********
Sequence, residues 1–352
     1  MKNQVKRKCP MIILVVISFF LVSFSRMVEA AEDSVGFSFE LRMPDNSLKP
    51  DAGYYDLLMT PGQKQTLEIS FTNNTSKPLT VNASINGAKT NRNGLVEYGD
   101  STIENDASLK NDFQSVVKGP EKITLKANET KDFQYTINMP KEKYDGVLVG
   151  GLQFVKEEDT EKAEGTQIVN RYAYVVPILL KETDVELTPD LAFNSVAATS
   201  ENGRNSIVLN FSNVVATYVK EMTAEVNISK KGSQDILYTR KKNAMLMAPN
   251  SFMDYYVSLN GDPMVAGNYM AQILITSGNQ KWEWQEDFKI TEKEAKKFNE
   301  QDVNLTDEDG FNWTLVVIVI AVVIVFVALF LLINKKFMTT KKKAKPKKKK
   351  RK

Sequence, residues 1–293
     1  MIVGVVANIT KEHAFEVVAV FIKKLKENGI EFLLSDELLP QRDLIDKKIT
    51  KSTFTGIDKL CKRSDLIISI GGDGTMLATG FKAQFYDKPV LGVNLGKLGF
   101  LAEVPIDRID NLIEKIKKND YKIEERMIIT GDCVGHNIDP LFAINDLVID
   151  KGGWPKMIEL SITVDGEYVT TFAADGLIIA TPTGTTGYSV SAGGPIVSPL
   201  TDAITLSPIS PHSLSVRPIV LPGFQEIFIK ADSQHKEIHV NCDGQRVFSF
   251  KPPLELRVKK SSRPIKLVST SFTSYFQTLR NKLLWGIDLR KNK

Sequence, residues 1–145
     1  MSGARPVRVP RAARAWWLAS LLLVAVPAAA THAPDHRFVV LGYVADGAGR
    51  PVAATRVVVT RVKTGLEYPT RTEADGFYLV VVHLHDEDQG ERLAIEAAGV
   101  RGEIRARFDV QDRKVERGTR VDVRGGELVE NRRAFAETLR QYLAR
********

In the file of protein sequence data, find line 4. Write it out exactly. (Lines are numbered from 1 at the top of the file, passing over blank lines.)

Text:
   101  STIENDASLK NDFQSVVKGP EKITLKANET KDFQYTINMP KEKYDGVLVG